Glenelg Skye Ferry

In the week when the Forth Rail Bridge has been nominated as a new World Heritage Site I thought I’d feature another of Scotland’s national treasures, the Glenelg – Skye Ferry.

There’s been a ferry crossing from Glenelg to Kylerhea in Skye for hundreds of years but the current, 40-year old ferry – the Glenachulish – is the very last manually-operated turntable ferry in the world.  It was saved in 2007 after the previous owner retired and was bought by the local community with the aid of funding from the Big Lottery and Highlands and Islands Enterprise.  It is now owned and operated by a community interest company.  You can read more on the ferry’s website and blog.

The ferry runs from Easter to mid-October and operates seven days, with the crossing itself taking about 10 minutes and taking up to six vehicles.  It connects the communities of Glenelg (population 240) and Kylerhea (population 17) but is an economic lifeline in this part of the world, particularly as a boost for tourism.  We took the crossing last July (although you wouldn’t know it from the pictures ..!).  At the Glenelg side there’s a small shop in the former lighthouse.  The ferry plies its way back and forth, taking an unusual snaking line across the strong currents of the Kylerhea narrows.

The former lighthouse on the Glenelg side

The former lighthouse on the Glenelg side


The ferry deck turned at an angle to allow vehicles to drive on

The ferry deck turned at an angle to allow vehicles to drive on

Here’s a video clip of the turntable being turned around – by hand.

And another, this time a time lapse video, which shows the turntable as well as the snaking route across the Kylerhea narrows.

On board the ferry

On board the ferry


Beware !

Beware !

The history of the ferry is interesting.  The Glenelg to Kylerhea route is the shortest ferry route at 550 metres; you can also take a Calmac ferry from Mallaig to Armadale or the much newer bridge at the Kyle of Lochalsh.  But this was the route used by cattle drovers over hundreds of years en route to the cattle marts in the Lowlands.  Just as the fast waters here means that the ferry needs to ‘snake’ across the Kylerhea narrows, some cattle used to get swept away on a fast ebbing tide only to finally  make land around the headland on the beach at Glenelg !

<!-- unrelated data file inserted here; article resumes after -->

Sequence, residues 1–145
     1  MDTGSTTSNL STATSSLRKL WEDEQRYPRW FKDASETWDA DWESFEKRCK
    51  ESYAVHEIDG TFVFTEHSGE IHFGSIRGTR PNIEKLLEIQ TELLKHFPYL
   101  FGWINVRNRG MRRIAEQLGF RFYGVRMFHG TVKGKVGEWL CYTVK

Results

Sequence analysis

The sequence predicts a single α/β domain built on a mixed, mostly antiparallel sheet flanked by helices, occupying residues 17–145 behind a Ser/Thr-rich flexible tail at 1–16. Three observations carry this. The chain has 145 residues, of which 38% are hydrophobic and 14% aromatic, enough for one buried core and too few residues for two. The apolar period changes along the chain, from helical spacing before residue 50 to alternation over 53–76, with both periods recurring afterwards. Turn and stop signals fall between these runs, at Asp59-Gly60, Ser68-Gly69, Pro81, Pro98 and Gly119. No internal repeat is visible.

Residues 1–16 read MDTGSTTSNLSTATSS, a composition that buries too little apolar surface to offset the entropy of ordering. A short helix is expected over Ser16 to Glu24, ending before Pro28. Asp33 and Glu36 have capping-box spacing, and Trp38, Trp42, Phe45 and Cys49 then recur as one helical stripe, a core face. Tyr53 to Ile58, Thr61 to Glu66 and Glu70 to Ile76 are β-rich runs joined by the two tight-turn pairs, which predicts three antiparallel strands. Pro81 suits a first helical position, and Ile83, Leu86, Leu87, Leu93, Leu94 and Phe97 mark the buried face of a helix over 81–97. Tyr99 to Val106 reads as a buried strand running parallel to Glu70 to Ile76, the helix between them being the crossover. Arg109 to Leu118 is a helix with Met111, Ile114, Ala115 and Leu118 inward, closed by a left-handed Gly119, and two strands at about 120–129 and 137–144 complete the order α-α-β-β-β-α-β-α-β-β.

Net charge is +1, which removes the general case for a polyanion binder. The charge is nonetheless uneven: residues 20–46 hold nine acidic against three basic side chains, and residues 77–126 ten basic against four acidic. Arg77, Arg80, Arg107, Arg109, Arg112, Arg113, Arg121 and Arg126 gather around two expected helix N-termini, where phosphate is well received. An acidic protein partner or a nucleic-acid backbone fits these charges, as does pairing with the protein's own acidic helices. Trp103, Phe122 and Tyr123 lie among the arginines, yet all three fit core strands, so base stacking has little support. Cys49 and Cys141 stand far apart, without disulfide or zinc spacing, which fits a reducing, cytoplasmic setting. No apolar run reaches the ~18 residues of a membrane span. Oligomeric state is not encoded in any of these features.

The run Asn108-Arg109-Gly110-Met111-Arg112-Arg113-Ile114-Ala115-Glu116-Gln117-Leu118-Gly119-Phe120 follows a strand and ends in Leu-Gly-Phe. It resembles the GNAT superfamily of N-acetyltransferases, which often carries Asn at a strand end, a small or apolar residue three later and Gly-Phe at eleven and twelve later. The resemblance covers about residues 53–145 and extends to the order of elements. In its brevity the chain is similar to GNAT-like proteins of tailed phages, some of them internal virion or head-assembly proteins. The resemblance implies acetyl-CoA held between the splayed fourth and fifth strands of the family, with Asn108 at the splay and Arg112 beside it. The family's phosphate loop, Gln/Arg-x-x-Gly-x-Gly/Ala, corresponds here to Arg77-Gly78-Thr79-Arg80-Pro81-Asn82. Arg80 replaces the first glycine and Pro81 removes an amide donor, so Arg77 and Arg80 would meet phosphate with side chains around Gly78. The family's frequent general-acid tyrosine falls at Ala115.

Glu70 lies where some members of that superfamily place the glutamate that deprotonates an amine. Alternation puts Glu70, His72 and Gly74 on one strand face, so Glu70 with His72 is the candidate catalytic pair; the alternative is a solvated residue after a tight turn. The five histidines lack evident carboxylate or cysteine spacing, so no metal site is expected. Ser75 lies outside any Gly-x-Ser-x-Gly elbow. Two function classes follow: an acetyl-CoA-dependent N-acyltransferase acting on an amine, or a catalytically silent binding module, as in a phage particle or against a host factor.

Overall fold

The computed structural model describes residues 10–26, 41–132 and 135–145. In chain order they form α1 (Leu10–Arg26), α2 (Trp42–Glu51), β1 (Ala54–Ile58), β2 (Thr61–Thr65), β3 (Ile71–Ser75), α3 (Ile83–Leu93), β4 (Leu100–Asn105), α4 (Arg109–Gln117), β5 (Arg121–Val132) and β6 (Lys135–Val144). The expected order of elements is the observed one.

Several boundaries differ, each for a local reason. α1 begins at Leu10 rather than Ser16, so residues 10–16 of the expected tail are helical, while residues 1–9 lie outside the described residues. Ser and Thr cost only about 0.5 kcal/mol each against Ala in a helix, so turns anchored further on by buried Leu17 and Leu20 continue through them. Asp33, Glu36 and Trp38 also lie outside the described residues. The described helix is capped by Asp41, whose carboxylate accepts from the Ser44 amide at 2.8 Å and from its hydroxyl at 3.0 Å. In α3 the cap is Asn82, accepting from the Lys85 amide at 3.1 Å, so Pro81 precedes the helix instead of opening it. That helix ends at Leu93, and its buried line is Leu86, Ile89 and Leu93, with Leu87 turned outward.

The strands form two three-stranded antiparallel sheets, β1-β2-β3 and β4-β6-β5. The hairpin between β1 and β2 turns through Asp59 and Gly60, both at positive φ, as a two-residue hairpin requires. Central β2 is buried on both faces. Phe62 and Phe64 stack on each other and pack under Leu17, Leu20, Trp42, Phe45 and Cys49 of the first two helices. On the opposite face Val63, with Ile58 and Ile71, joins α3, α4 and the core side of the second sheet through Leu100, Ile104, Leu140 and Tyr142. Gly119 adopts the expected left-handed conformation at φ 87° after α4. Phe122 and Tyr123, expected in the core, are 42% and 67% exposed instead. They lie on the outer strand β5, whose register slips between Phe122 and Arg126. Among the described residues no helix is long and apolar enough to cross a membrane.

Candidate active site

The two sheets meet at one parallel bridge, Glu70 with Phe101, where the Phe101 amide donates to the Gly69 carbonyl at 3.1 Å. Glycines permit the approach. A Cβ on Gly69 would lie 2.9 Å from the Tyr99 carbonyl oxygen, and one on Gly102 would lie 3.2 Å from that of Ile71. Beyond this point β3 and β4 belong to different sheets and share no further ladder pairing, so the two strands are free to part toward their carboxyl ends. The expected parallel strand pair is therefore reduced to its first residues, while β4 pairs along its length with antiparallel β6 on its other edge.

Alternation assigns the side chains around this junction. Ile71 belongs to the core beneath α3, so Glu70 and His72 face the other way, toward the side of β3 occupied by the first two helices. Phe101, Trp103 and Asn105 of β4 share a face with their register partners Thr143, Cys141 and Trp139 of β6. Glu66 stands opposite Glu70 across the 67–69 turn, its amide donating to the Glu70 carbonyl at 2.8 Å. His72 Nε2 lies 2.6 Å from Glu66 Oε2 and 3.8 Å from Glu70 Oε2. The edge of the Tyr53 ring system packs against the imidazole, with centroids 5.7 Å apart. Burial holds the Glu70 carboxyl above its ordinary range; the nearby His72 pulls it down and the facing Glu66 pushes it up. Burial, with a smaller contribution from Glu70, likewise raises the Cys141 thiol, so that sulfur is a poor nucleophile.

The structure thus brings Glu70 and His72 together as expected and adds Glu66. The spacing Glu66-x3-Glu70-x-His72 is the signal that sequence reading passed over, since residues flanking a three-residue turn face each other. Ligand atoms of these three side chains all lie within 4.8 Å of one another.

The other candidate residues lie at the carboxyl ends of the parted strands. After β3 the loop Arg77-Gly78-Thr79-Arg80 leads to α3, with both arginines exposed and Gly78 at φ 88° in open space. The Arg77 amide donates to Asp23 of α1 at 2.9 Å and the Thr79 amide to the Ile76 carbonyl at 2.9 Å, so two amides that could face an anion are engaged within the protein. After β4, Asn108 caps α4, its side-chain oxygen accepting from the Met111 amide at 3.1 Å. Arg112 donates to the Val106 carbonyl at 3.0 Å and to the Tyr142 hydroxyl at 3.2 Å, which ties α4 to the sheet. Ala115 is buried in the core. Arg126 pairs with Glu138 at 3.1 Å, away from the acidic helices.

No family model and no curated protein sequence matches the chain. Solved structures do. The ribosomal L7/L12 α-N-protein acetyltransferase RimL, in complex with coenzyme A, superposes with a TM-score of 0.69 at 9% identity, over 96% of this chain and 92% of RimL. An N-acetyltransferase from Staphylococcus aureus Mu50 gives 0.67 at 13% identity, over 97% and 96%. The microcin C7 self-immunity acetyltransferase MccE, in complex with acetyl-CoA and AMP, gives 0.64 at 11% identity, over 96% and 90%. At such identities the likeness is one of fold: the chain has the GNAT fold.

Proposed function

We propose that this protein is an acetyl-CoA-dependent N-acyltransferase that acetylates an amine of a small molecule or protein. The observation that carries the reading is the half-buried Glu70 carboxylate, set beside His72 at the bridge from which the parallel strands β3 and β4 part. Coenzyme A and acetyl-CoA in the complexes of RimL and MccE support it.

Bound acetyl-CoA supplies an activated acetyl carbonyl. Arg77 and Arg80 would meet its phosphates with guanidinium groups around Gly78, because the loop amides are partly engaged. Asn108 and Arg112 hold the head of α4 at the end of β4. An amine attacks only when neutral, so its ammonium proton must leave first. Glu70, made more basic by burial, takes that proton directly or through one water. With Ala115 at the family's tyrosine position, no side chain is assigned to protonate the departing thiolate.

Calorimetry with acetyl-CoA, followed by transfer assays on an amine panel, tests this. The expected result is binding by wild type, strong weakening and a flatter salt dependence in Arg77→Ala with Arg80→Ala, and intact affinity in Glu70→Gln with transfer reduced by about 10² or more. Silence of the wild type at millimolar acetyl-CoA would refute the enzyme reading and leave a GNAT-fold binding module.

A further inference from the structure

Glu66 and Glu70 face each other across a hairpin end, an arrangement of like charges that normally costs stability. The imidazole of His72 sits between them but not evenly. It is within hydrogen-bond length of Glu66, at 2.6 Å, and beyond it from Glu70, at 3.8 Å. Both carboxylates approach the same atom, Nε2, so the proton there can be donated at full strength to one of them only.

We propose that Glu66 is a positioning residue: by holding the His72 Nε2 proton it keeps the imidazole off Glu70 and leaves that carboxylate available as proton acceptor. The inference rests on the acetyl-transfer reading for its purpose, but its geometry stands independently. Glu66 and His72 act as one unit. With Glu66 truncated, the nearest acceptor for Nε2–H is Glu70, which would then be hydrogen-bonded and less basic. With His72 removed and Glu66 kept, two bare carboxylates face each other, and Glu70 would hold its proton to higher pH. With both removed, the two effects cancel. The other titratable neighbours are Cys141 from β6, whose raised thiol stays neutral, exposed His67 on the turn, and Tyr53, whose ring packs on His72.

This was also the route used by Dr Samuel Johnson and James Boswell in 1773 when they travelled using the comparatively new militay road past Glenelg (built 50 years earlier to connect the barracks at Bernera) and on to Skye.

There’s been a car ferry here since 1934 with the photos below showing the smaller, predecessor ferry to the Glenachulish.  It appears that the turntable is a Scottish invention, allowing ferries to operate at any state of the tide and sparing the motorist the trouble of reversing.


Do you have any experiences of using the ferry ?  I’d be interested to hear.


9 Comments on “The Glenelg – Skye Ferry

  1. I enjoyed reading that. I’ve been across the Glenelg ferry twice, the first time in 1980 when an industrial dispute closed the Kyle of Lochalsh ferry, then in about 2004-ish just to remind me what it was like. Interesting to read it’s still the same old vessel.
    The historical background is fascinating. Those cattle drovers had a hell of a job.
    Cheers, Alen

    • Hi Alen,

      Yes, the cattle drovers didn’t really have any easy options !

      In fact, the ‘Glenachulish’ ferry has been around Scotland quite a bit. She was built in 1969 and used to operate at Ballachulish before the bridge was built. She then came to Glenelg but also doubled as the relief ferry at Corran, Kessock and Kylesku and in 2012, also Strome Ferry (the Kessock and Kylesku waters have since had bridges built too). So in 55 years, she’s become quite an important part of Scotland’s infrastructure.

      • Thanks for that information. The Strome ferry has gone down in our family history. My father took us all camping in the North-West in the summer of 1966. There was such a queue of cars to get across the loch that the ferries worked well into the night. It was pitch dark when we finally got across so we all slept in the car – two adults, two children and a load of gear all crammed into an Anglia Estate. The next day, going over the tops to Applecross, the trailer ripped the back end off the Anglia. Ahhh, the good old days.

  2. we used the ferry 2 years ago,what an experience watching the seals and the drive up the other side.phew! what a drive,but the ferry and the cup of tea in the wee lighthouse was brilliant,

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